Another fire season in California has resulted in another series of challenges for winegrape growers as it relates to smoke exposure. Over a million acres have been burned in recent weeks, leaving multiple areas of the state covered in smoke. Many wineries are refusing to accept grapes until test results confirm that the grapes have not been affected by the volatile compounds associated with smoke exposure. The limited number of testing facilities is creating a backlog of grapes to be tested, creating significant and potentially costly delays in vineyards.
“If the delay is a 30-day delay, then effectively that winery is saying ‘we’re not going to take your crop.’ So that’s a problem,” said California Association of Winegrape Growers (CAWG) President John Aguirre. “Delays at this point in time in the harvest cycle and the growing season, can be absolutely devastating to a grower.”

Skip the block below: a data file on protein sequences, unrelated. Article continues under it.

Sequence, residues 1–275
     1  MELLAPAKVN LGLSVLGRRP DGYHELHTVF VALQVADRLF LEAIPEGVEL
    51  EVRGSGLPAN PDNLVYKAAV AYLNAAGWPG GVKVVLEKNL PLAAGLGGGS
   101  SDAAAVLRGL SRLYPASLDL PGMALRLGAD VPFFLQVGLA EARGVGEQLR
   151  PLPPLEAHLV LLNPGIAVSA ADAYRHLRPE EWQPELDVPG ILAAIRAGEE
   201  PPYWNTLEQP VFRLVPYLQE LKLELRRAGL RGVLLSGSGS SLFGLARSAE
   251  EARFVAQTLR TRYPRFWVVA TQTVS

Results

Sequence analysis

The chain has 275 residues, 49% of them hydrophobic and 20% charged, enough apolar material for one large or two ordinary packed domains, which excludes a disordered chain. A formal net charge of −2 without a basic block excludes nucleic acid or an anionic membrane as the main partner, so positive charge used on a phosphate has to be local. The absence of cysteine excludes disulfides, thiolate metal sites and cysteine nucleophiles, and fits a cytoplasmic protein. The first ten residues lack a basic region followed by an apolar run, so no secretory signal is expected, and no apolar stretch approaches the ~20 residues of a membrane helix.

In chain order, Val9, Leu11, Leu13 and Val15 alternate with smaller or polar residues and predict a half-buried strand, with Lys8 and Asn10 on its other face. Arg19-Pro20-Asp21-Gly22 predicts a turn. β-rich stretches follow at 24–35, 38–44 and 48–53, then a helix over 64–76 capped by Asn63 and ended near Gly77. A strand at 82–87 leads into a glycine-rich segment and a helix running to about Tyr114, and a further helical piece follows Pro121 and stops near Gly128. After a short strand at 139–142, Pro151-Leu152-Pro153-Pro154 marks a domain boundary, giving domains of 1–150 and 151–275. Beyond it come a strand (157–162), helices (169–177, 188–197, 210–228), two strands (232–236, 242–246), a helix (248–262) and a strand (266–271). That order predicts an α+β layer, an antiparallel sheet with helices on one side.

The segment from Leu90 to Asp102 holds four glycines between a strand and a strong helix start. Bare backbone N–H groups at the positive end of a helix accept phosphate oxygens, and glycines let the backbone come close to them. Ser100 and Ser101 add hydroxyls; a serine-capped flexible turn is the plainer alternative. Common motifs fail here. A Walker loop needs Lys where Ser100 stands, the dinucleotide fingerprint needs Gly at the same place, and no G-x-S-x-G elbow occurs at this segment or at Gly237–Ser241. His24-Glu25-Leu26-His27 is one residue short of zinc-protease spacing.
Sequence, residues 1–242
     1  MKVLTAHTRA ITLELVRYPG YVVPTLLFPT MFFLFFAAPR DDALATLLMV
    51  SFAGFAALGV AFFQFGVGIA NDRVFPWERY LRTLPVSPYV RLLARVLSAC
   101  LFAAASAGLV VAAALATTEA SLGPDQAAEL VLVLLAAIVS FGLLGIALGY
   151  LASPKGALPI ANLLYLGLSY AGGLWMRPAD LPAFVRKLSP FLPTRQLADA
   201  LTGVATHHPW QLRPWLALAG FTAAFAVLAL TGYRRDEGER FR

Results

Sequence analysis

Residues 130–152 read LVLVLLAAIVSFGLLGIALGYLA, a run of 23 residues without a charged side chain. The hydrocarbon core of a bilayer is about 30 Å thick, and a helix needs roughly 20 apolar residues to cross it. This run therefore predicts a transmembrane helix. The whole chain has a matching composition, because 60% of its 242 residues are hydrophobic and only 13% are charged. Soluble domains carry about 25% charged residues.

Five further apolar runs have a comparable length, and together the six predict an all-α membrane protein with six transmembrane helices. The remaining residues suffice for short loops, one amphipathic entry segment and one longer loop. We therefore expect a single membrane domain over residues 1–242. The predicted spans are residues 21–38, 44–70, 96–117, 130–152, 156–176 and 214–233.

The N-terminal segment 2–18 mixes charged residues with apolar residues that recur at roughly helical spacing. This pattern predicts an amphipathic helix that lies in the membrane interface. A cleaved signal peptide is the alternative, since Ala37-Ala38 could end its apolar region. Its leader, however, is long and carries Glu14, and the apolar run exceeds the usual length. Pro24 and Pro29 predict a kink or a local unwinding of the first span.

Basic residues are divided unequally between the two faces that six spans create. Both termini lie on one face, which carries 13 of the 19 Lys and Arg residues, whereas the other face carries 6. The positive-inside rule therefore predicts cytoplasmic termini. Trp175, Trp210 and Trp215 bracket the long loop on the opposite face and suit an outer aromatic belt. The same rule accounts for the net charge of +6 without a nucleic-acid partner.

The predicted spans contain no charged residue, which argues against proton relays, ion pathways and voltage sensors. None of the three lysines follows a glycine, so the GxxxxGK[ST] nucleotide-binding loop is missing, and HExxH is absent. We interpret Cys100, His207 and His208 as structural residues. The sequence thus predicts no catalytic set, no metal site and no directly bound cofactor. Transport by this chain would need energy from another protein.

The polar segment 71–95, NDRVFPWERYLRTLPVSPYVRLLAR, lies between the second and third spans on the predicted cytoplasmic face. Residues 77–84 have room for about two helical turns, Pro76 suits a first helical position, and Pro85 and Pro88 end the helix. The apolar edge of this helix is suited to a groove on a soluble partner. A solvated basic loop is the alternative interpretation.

CAWG is encouraging communication and cooperation between growers and wineries when it comes to smoke exposure. While some contracts may have specific provisions related to smoke exposure, many do not. “What’s not appropriate is for a buyer to unilaterally make decisions that aren’t expressly allowed or permitted under contract and to make decisions and take actions that would result in the loss of the crop. That’s patently unfair and in many cases absolutely isn’t permitted under the contract,” Aguirre noted.
While research is continuing to shine more light on the issue of smoke exposure in grapes, there is still much more that needs to be better understood. Research has shown that simply being exposed to smoke does not necessarily mean that grapes will be damaged by the volatile compounds related to smoke exposure. Further complicating the issue is the fact that some of those compounds naturally occur in winegrapes, which will require further study.
“We don’t have a good understanding of what’s the baseline level at which these compounds appear in grapes and that can vary by varietal,” said Aguirre. “If you’re testing for the presence of these compounds and you don’t know the background levels, you can see the obvious problems.”
Listen to the interview below.